Q10. Please describe the academic portion of the program?
A. Students attend a minimum of 3 academic sessions weekly, including 2 tutoring sessions for a minimum of 75 minutes each, working with tutors and volunteers.
Middle school students attend weekly learning enrichment sessions for 75 minutes on Fridays. In middle school, the focus is on building study skills, addressing academic deficiencies, and completing homework assignments.
In high school, students attend additional college prep sessions for 90 minutes to 2 hours each week, with SAT prep, essay writing and building college awareness. Additional tutoring is provided to students who need additional help on weekdays and Saturdays. Academic Directors visit schools every week to meet with teachers and school staff to keep track of students and school-based subject matters.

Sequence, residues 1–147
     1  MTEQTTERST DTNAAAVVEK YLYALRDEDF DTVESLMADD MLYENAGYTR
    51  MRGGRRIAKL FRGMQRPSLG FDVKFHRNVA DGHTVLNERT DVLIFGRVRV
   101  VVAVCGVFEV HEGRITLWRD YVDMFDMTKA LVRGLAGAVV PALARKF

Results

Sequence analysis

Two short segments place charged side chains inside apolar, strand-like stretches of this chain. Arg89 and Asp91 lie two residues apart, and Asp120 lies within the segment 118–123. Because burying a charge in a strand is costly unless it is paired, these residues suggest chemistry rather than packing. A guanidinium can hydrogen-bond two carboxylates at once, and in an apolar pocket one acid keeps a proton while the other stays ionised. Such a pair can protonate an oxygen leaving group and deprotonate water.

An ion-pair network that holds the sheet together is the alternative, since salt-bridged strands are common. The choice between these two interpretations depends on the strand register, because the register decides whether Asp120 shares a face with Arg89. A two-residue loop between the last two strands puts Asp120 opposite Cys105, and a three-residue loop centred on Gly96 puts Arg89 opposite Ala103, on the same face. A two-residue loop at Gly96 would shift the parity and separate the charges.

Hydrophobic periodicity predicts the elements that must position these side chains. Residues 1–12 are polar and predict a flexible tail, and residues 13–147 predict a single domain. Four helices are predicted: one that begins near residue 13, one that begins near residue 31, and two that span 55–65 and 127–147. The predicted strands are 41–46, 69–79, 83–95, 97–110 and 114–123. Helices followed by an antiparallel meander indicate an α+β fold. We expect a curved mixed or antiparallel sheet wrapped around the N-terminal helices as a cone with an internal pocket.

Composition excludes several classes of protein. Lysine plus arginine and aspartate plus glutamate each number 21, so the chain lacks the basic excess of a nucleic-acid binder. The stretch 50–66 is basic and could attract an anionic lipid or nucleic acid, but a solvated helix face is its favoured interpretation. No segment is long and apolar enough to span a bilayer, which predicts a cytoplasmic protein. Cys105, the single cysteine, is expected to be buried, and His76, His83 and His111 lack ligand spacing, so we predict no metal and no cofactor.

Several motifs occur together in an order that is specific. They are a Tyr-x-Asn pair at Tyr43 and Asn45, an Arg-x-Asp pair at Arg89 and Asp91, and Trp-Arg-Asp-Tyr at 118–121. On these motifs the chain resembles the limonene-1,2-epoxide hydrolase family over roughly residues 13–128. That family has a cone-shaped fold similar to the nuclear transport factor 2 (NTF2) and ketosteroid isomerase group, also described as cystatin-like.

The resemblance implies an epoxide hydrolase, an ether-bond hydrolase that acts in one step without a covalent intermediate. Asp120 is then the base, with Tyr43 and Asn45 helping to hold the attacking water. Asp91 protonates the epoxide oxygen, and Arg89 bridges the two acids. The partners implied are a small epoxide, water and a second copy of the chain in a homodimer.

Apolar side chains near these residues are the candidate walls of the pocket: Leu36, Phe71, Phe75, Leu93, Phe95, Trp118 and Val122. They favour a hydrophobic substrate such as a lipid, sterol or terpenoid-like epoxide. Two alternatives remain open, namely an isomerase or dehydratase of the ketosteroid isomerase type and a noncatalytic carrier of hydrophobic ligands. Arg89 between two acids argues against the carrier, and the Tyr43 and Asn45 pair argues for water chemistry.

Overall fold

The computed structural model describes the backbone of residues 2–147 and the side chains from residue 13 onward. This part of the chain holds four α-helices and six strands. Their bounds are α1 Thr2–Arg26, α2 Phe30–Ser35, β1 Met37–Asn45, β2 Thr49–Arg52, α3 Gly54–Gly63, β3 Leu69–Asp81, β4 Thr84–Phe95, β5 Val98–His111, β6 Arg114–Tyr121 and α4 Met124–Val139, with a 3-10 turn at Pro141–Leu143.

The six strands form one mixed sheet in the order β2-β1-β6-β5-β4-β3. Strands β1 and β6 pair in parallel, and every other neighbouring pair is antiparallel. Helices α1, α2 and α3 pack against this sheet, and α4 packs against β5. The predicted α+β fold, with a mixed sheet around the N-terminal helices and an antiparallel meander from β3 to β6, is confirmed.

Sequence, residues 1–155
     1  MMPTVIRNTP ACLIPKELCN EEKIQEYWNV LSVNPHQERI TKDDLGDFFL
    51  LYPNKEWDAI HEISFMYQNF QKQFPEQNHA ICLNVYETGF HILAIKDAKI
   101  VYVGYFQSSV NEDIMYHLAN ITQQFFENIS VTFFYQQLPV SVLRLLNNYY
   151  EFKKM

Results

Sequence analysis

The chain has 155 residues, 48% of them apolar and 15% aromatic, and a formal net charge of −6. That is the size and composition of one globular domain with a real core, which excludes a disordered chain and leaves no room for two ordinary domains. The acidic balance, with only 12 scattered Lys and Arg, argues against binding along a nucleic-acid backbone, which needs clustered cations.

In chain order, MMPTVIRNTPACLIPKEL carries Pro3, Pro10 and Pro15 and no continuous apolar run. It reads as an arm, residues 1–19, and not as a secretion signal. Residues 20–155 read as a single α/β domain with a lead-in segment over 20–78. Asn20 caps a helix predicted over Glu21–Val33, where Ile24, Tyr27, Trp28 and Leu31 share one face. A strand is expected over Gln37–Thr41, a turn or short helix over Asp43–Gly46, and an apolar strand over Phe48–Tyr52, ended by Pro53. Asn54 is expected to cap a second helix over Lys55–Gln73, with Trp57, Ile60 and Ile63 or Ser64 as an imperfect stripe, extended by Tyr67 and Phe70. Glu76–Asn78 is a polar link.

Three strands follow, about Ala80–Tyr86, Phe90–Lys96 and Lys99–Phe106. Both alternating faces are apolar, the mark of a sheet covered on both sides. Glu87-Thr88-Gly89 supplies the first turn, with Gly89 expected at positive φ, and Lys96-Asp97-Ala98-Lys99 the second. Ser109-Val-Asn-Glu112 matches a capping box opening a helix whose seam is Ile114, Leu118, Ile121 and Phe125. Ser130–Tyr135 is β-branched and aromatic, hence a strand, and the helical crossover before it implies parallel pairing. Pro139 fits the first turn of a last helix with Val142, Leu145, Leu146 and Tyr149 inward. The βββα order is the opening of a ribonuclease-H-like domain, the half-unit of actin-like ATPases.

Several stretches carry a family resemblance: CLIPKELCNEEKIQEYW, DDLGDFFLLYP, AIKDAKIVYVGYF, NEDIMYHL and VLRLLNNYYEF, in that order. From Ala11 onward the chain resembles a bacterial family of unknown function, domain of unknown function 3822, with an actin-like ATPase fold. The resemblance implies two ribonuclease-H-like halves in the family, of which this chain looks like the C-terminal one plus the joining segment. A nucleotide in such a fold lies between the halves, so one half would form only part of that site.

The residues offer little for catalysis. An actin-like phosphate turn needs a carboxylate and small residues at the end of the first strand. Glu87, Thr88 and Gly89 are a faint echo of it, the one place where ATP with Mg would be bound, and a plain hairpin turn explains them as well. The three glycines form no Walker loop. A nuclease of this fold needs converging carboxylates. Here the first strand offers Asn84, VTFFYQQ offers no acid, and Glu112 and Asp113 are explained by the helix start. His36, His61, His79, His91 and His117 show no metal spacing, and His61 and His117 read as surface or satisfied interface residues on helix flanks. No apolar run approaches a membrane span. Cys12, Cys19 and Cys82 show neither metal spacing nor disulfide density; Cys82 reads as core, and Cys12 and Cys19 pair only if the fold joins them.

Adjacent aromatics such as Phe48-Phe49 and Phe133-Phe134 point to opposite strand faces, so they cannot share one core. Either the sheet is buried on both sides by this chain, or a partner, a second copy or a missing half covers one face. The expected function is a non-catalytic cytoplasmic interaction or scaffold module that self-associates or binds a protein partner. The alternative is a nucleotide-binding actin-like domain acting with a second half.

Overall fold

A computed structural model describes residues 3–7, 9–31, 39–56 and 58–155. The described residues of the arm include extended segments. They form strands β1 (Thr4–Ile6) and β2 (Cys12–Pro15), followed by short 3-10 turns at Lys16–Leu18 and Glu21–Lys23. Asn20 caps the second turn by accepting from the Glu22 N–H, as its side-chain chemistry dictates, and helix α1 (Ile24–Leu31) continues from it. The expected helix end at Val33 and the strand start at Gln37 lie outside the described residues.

Q11. Who do the students compete against? Are there local/national teams or tournaments?
A. Students compete against anyone who wants to play squash with them! StreetSquashers compete as individuals in the US Squash junior tournaments, and as a team against prep schools, high schools and other urban squash teams.
Twice a year, we compete in the Urban Squash National Championships, for teams in January and individuals in June. Additionally, StreetSquash students compete in the NY Squash leagues against adult clubs across NYC, and in adult tournaments.
Q12. Can you share any stories about a particular student that stands out in your mind?
A. One of our standouts is Gabby Robinson, a graduate of StreetSquash and Thurgood Marshall Academy.
Gabby went to Franklin and Marshall College in Lancaster, Pennsylvania, where she played squash all four years and studied English. In September, she joined the StreetSquash staff as an AmeriCorps Volunteer running programs and doing outreach to our community members.